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Liz Cotter Schlax


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Liz Cotter Schlax, then a manager of strategic planning and business development with John Deere Credit, wasn’t looking for a job change. She just wanted to be a volunteer.

Shannon Cofield, president of United Way of Central Iowa, had a staffing hole left by the departure of a 19-year veteran, but was just hoping to add another volunteer.

The two set up a meeting to discuss volunteer opportunities, both parties blissfully unaware of the potential perfect match – at least until Cofield took a gander at Cotter Schlax’s resume.

“When I opened her resume the night before, I was like, oh my gosh, this is the one,” Cofield said.

A couple of weeks after their first meeting, Cofield invited Cotter Schlax for coffee and told her about the opening for the position of senior vice president of resource development.

“When Shannon offered this to me, I really didn’t have to think twice about it, because it fits so many pieces of where my heart and my passion really are,” Cotter Schlax said.

Cotter Schlax, who is married and has two young girls, accepted the offer, and in January took on the responsibilities for all fund-raising activities in Central Iowa, managing her 12-member team, guiding the organization toward its goal to raise $21.5 million in 2009, and of course participating in various community efforts. According to Cofield, she has already been flexing her influence.

“She was exactly what I was looking for. Exactly,” Cofield said.

If Cofield was looking for a woman who graduated from Harvard University, got an M.B.A. from Columbia, had multiple experiences with nonprofits and also an understanding of the corporate world, well then, yes, good find.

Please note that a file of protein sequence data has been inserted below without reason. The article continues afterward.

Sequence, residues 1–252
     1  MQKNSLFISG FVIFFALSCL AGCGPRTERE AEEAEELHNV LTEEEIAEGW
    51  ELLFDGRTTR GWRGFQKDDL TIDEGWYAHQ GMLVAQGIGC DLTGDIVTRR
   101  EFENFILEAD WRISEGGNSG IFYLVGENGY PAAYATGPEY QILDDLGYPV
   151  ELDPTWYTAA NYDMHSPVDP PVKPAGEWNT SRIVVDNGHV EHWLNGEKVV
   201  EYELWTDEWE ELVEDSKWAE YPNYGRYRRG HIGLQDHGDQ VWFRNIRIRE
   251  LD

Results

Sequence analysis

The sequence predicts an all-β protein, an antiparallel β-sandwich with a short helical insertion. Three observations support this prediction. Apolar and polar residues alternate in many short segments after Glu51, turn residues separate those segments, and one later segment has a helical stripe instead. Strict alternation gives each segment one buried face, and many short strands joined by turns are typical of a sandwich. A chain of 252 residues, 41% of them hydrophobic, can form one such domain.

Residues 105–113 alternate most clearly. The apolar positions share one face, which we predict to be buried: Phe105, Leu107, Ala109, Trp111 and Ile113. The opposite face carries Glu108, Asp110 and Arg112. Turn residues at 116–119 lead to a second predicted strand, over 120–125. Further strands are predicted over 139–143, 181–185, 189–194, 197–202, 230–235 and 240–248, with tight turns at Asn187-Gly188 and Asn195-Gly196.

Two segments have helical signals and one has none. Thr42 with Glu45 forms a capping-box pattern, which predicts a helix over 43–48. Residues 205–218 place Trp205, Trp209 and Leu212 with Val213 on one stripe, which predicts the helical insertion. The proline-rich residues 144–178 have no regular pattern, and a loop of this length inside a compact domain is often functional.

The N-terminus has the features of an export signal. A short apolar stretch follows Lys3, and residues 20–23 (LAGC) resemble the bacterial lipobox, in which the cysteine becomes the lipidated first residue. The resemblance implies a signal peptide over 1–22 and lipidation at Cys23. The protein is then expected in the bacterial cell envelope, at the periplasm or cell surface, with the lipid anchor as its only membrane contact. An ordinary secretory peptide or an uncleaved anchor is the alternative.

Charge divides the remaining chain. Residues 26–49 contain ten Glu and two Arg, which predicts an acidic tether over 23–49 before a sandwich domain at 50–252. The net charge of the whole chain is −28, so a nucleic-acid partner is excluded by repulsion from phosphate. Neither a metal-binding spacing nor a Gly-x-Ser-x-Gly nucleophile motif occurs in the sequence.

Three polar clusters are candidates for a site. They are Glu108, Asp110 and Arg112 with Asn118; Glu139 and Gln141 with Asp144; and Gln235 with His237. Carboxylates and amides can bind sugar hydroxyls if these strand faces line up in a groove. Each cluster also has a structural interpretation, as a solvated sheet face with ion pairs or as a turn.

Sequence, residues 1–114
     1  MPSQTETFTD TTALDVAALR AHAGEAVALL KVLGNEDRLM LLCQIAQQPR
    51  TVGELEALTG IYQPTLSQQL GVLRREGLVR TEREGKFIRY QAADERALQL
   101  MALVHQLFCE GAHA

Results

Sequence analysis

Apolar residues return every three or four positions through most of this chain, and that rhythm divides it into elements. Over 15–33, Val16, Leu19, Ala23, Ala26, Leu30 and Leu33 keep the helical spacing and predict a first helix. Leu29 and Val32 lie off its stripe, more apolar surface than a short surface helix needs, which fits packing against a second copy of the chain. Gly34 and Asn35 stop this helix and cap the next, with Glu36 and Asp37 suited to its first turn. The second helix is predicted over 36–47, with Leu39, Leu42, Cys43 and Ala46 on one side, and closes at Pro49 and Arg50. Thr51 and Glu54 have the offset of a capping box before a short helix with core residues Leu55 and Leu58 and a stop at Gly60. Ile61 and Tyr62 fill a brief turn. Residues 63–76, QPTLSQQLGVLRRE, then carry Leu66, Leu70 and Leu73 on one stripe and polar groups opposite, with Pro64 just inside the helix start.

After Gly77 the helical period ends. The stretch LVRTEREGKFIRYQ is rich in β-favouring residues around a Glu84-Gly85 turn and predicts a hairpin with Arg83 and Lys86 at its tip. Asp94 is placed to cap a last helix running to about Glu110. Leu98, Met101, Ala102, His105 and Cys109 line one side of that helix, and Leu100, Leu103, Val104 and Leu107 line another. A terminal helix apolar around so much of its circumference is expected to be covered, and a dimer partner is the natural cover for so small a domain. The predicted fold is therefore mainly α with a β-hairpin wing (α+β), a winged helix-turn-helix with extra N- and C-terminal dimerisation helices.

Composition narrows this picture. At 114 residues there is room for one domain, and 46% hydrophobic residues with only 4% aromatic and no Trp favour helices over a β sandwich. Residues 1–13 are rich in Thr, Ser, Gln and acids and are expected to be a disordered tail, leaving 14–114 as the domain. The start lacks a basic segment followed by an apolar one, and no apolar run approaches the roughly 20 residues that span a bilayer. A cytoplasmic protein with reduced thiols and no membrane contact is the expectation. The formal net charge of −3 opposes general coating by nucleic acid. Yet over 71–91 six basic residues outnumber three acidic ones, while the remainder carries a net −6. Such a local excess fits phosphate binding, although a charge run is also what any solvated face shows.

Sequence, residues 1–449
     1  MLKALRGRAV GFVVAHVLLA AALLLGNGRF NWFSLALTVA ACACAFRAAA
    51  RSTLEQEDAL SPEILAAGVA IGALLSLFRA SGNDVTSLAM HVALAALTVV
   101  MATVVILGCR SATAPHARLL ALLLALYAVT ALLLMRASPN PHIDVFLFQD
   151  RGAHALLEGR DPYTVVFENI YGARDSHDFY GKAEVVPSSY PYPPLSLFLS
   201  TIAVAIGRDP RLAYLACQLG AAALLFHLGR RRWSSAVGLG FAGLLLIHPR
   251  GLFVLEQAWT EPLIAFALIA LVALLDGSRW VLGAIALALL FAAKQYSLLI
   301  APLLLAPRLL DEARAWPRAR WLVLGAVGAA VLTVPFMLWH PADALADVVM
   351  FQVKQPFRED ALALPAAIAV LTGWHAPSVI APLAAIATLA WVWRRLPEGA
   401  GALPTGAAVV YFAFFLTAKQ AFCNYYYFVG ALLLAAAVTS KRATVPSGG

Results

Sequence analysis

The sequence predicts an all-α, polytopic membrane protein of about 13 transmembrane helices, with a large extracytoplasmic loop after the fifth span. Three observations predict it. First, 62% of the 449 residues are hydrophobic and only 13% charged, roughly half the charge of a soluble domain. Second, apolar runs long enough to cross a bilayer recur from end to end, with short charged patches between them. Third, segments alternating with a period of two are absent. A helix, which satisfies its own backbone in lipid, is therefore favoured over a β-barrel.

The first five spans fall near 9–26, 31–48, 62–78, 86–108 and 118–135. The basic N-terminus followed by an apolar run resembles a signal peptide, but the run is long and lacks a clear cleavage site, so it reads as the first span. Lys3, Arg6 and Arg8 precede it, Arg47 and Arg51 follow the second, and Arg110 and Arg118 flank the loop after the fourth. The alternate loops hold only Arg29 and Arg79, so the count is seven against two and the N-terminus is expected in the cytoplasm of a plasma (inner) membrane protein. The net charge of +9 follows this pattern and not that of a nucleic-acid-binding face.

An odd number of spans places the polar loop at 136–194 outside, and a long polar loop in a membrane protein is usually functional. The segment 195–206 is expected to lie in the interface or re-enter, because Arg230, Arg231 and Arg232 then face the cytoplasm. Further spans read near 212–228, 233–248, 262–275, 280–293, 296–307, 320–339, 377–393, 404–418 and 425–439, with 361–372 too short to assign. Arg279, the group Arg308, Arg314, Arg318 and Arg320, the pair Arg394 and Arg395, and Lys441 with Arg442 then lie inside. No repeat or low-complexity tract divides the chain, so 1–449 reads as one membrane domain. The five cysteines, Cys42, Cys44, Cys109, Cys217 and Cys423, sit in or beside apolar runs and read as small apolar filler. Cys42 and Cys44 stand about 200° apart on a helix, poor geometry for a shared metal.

While studying at Harvard at the age of 19, Cotter Schlax took a year off to join the “Up With People” performing troupe, which allowed her to follow her passion for musical theater and travel the world singing and dancing. One passion led to another.

“The little sneaky thing about that program is that a lot of kids like me joined it to sing and dance around the world, but in the process we did community service projects,” she said. “I really got bitten by the service bug during that experience.”

With a resume as impressive as Cotter Schlax’s, she could have gone anywhere – but she has chosen nonprofits.

“She is a woman of incredibly strong principles and genuinely cares about making a difference,” Cofield said. “And if that is generally the core of who you are, no reasonable amount of money is going to pull you away.”

As Cotter Schlax’s good friend Gary used to say in a deep voice, “Ms. Cotter, advocate for the people.”

“I think I just have a passion for advocacy, for raising my voice for people who can’t,” Cotter Schlax said. “Raising our voice and not being afraid to raise our voice is the kind of influence that all of us can have.”

Cotter Schlax and United Way have big goals. Along with creating a long-term revenue diversification plan, she helped form 10-year goals that include mobilizing communities so 475 more high school students graduate on time, elevating 40,000 lower-income working families to become financially stable, and inspiring more than 60,000 individuals to improve their health.

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